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INS Vikrant: India’s New Aircraft Carrier Has Arrived

INS Vikrant
Image: Creative Commons.

The Indian Navy has a new flagship, as the Cochin Shipyard Ltd. (CSL) officially handed over the first Indigenous Aircraft Carrier (IAC-1) Vikrant on Thursday. The carrier, which was designed by the Indian Navy’s in-house Directorate of Naval Design, will reportedly be commissioned on August 15.

She is the second carrier to bear the name after the original Indian Naval Ship (INS) Vikrant, which had been laid down as the HMS Hercules for the UK’s Royal Navy during World War II. While not finished when the conflict ended in 1945, India purchased the incomplete carrier in 1957, and construction was finally finished in 1961. The earlier Vikrant was the first aircraft carrier of the Indian Navy, and subsequently played a key role in enforcing the blockade of East Pakistan (today Bangladesh) during the Indo-Pakistani War of 1971.

The new carrier – at 262 meters in length and with a full displacement of close to 45,000 tonnes (49,600 tons) – is far larger and significantly more advanced than her predecessor. She is powered by four gas turbines totaling 88 MW power and has a maximum speed of 28 knots. Using a novel aircraft-operation mode known as STOBAR (short take-off but arrested landing), the IAC is equipped with a ski-jump for launching aircraft and a set of ‘arrester wires’ for their recovery on board.

The warship, the largest ever built in India, completed her sea trials earlier this year. She will be initially deployed with the western naval command.

The acceptance form was signed by Madhu S. Nair, CMD of the shipyard, and Commodore Vidhyadhar Harke, Commanding Officer (Designate) of the vessel.

A Symbol of India

Built at an overall cost of close to $3.13 billion under a contract between the defence ministry and the shipyard, the project progressed in three phases ending in May 2007, December 2014, and October 2019 respectively – while her keel was laid in February 2009.

The carrier was built with 76 percent overall indigenous content, and has been seen as an example of the quest of Indian Prime Minister Narendra Modi’s “AatmaNirbhar Bharat” (Self-reliant India), the umbrella concept for India to play a larger role in the world economy, and for it to become more efficient, competitive, and resilient. With the delivery of Vikrant, India has now joined a very select group of nations that have the capability to indigenously design and build such a warship.

This is a significant moment for India, but also CSL – as the shipyard has previously only been used to service and handle refits of all of the Indian Navy’s warships. Currently, the shipyard is constructing eight anti-submarine warfare shallow water crafts (ASWSWCs), while it also won an order for the construction of six next-generation missile vessels (NGMVs) for the Indian Navy.

In addition, CSL is also augmenting its infrastructure, which includes a new dry dock to cater to the construction of even larger ships, including next-generation aircraft carriers.

Regional Carrier Arms Race

The handover of the IAC-1 comes just weeks after China’s People’s Liberation Army Navy (PLAN) saw the launch of its third aircraft carrier, the Type 003 Fujian in Shanghai. That is the second Chinese domestically-built carrier, and the PLAN currently operates the Type 001 Liaoning, a former Soviet Kiev-class aircraft cruiser that was purchased from Ukraine; and the Type 002 Shandong, which was an indigenously-built copy of the former.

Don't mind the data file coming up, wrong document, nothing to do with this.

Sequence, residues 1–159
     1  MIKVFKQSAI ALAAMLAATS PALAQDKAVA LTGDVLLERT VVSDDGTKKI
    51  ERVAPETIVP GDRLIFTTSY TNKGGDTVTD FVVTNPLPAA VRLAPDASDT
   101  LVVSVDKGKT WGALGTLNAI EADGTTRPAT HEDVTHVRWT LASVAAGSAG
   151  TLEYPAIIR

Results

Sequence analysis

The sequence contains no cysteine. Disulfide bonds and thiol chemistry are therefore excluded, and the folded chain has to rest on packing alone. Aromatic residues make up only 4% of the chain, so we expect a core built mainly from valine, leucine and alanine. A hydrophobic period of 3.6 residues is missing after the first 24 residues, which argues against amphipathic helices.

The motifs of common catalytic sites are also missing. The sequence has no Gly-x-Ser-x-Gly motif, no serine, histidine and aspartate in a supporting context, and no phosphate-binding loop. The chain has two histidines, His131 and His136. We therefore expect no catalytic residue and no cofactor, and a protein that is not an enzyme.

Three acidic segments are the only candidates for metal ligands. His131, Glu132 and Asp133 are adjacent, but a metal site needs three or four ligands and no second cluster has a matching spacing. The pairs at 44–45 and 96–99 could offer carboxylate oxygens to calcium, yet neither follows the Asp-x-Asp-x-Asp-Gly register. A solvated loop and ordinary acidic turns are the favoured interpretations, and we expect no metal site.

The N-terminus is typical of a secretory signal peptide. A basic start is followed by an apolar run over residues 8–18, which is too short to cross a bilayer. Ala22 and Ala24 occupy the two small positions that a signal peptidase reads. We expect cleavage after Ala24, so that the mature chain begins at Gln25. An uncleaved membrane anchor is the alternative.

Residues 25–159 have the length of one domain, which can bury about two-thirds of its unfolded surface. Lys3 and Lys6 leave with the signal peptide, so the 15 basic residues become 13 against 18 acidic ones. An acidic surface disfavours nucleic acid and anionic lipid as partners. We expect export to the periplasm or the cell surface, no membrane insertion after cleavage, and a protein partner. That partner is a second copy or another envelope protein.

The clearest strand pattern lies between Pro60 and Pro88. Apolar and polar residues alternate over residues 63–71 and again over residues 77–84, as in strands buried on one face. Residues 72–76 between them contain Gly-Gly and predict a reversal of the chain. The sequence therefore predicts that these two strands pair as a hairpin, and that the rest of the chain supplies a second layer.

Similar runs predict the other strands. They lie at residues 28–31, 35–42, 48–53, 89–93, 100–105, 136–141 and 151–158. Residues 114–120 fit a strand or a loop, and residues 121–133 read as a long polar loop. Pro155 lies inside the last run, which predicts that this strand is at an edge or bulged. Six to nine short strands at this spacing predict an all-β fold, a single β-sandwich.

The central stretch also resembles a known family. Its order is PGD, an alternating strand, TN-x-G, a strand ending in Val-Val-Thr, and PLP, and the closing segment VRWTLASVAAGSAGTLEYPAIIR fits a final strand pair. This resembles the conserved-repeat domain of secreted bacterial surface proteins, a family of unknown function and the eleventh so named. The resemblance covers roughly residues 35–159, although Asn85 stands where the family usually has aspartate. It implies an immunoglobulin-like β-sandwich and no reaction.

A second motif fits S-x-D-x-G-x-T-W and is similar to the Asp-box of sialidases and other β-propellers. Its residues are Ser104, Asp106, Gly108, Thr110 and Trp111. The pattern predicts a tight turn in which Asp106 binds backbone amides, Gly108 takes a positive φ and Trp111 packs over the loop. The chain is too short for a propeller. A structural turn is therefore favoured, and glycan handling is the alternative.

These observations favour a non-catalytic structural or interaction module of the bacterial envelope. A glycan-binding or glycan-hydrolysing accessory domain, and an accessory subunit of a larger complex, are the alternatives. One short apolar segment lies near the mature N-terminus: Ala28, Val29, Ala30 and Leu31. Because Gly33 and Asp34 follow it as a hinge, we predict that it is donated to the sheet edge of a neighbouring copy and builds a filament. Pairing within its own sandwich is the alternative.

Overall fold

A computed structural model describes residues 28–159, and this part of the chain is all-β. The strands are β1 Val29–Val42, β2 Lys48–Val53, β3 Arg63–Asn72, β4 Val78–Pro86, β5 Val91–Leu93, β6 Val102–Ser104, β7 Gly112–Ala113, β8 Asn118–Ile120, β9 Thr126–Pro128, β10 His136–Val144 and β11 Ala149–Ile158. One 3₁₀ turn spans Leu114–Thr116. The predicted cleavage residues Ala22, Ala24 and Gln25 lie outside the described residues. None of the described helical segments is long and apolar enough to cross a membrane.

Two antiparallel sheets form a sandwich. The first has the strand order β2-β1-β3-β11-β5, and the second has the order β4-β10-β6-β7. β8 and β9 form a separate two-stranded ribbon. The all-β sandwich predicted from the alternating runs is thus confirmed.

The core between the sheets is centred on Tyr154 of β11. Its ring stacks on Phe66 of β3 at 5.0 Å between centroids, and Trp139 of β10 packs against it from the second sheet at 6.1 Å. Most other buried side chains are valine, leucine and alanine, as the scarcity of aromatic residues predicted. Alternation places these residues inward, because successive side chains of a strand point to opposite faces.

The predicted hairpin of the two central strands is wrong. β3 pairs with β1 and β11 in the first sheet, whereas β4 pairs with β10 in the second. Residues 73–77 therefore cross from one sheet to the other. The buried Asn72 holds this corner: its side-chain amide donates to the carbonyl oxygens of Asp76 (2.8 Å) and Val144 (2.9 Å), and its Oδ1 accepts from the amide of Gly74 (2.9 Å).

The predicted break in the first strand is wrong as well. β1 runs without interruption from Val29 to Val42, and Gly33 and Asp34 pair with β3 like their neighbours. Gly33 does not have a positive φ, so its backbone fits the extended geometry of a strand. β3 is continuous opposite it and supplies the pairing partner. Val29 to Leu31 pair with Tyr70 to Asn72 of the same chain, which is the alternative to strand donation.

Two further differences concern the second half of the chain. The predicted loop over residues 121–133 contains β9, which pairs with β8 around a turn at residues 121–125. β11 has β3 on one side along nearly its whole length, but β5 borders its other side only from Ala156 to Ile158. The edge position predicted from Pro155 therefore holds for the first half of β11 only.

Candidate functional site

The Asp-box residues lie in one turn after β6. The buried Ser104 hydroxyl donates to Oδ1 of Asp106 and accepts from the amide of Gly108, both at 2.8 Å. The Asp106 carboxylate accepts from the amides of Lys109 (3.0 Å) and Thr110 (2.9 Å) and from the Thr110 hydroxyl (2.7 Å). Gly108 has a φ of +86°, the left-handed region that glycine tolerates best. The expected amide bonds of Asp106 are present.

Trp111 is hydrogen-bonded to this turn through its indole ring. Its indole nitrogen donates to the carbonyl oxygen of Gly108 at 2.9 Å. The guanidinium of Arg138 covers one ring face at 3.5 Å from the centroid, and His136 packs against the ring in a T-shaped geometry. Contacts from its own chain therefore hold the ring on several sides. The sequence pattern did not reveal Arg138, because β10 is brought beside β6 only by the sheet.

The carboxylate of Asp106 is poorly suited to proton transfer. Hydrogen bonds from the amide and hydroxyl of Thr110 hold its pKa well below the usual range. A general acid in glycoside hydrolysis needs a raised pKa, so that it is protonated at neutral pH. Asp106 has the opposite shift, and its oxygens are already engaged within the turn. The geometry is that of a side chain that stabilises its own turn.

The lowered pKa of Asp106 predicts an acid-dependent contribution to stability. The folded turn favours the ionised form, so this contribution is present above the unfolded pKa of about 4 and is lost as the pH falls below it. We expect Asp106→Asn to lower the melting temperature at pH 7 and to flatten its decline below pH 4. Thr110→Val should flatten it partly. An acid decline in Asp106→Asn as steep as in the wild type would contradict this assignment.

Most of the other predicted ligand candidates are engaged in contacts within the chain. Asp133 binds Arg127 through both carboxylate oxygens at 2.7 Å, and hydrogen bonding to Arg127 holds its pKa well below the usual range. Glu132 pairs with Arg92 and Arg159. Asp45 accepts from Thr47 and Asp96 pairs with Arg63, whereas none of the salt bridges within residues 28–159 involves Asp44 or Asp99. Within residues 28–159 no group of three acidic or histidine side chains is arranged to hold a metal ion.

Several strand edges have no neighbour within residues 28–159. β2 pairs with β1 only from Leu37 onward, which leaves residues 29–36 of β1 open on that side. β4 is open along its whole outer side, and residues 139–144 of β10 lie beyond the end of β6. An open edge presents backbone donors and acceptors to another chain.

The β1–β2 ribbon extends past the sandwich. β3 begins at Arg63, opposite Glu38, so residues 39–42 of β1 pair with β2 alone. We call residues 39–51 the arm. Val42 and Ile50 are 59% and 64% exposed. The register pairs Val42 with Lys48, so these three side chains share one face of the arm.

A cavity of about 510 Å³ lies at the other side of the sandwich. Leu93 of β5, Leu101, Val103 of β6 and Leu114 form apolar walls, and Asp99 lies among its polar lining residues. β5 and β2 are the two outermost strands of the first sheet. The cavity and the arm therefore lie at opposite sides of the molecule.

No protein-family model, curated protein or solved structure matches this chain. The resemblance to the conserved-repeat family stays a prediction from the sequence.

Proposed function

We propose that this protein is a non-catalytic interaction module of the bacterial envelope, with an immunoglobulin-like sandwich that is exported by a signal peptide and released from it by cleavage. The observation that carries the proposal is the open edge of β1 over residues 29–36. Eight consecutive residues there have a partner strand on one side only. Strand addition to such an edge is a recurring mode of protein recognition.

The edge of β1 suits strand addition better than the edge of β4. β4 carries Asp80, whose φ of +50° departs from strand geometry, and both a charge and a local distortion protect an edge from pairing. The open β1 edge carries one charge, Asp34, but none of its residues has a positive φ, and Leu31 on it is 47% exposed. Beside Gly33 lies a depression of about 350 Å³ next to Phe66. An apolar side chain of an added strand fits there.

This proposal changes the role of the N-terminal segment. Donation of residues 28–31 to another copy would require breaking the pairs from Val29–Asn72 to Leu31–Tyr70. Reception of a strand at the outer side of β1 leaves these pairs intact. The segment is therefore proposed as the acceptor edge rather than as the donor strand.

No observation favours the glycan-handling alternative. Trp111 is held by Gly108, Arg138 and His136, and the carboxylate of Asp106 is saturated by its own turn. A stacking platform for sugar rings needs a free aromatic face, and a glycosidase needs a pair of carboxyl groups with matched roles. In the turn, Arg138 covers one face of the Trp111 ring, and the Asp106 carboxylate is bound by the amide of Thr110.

India also operates a modified Kiev-class carrier, the current flagship INS Vikramaditya. Purchased from Russia, she was commissioned in November 2013 and entered service in June 2014.

Even with the launch of its second carrier, there are already discussions on whether India would be served with a third carrier as well – in part to keep pace with the PLAN and its ambitions to maintain a larger presence in the Indo-Pacific region. The other issue is that Vikramaditya isn’t exactly the most reliable vessel. She is showing her age and has suffered from a number of mishaps, including fires.

A third carrier could ensure that two flattops are always operational and can be deployed even when one is undergoing maintenance. It would also be a notable step for New Delhi, as it would mean that the Indian Navy could operate more carriers than the Royal Navy!

At issue is still the cost of such a carrier, especially as the Indian Navy has proposed a third 65,000-ton carrier – larger than its current flattops but still significantly smaller than the Type 003. Even then, it would be the largest warship ever built by the Asian nation. If such a proposed carrier were to be approved, it would be years before it could enter service, yet it could truly make India a major naval force in the Indo-Pacific and beyond.

A Senior Editor for 1945, Peter Suciu is a Michigan-based writer who has contributed to more than four dozen magazines, newspapers and websites. He regularly writes about military hardware, firearms history, cybersecurity and international affairs. Peter is also a Contributing Writer for Forbes. You can follow him on Twitter: @PeterSuciu.

Written By

Expert Biography: A Senior Editor for 1945, Peter Suciu is a Michigan-based writer who has contributed to more than four dozen magazines, newspapers, and websites with over 3,000 published pieces over a twenty-year career in journalism. He regularly writes about military hardware, firearms history, cybersecurity, and international affairs. Peter is also a Contributing Writer for Forbes. You can follow him on Twitter: @PeterSuciu.